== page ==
Cancer contributed to 7.6 million deaths worldwide in 2008, and was linked with nearly 170 million years of healthy life lost, according to a study published online Oct. 16 in The Lancet. By 2030, the number of global cancer cases will reach 21.4 million.
Isabelle Soerjomataram, MD, from the International Agency for Research on Cancer in Lyon, France, and colleagues, aimed to improve understanding of fatal outcomes and disabilities related to cancer on a worldwide regional basis. The researchers calculated disability-adjusted life years (DALYs) to estimate the global burden of cancer.
DALYs are comprised of two components. Years of life lost estimates the effects of fatal cancer, while years lived with disability convey the effects of disabling non-fatal disease outcomes (e.g. mastectomy for breast cancer or infertility for cervical cancer).
The researchers analyzed data from cancer registries worldwide to estimate DALYs for 184 countries and 12 world regions.
“While overall DALYs are remarkably similar across different levels of human development, they reflect a higher average premature mortality in lower income countries and a higher average disability and impairment in higher income countries. Our study represents an important first step towards establishing an evidence base for fatal and non-fatal cancer-related outcomes that is urgently needed to set priorities in cancer control,” Soerjomataram said in a press release.
Asia and Europe were the main contributors to the global burden of years of healthy life lost due to cancer, with men in eastern Europe facing the largest cancer burden worldwide (3,146 age-adjusted DALYs lost per 100,000 men). For women, the highest burden was found in sub-Saharan Africa (2,749 age-adjusted DALYs lost per 100,000 women).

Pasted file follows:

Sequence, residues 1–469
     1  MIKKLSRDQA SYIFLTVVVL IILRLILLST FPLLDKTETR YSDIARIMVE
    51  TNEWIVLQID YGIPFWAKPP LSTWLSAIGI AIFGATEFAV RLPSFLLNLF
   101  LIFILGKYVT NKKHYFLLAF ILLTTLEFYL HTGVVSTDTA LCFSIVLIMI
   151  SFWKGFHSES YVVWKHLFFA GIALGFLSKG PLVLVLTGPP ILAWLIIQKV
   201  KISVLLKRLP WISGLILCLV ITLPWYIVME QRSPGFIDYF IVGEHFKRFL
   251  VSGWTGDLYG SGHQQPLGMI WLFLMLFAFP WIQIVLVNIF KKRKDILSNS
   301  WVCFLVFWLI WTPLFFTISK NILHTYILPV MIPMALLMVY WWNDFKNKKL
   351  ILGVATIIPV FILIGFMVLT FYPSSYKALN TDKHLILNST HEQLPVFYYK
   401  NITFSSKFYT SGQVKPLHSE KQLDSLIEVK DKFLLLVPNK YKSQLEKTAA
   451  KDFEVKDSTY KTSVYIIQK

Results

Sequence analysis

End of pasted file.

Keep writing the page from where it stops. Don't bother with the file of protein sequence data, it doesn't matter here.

Colorectal, lung, breast and prostate cancers were the main contributors to total DALYs rates in most regions, accounting for 18 to 50 percent of the total cancer burden. The contribution of infection-related cancers to the overall DALYs (primarily liver, stomach and cervical cancer) was highest in Sub-Saharan Africa and eastern Asia, at 25 percent and 27 percent, respectively.
Many developing countries face a double burden, as they encounter cancers associated with westernization (breast, colorectal and prostate cancer) as well as infection-related cancers.
The study underscored the fact that improved access to high-quality treatment has not greatly improved survival for a number of common cancers associated with poor prognoses (especially lung, stomach, liver and pancreatic cancers). Thus, primary prevention will need to play a large role if the global cancer burden is to be reduced, according to the researchers.
Soerjomataram and colleagues also noted the importance of combining early detection with adequate and accessible health services in less-developed regions. “For example, patients with localized breast cancer have 17 percent higher survival when diagnosed in more-developed than in less-developed countries.”
The authors concluded, “Our data support the need for better attention to cancer prevention and treatment programmes in low-resource countries, for which our findings have shown the extent of cancer burden in terms of years of life lost and have confirmed the poor prognosis after cancer diagnosis.”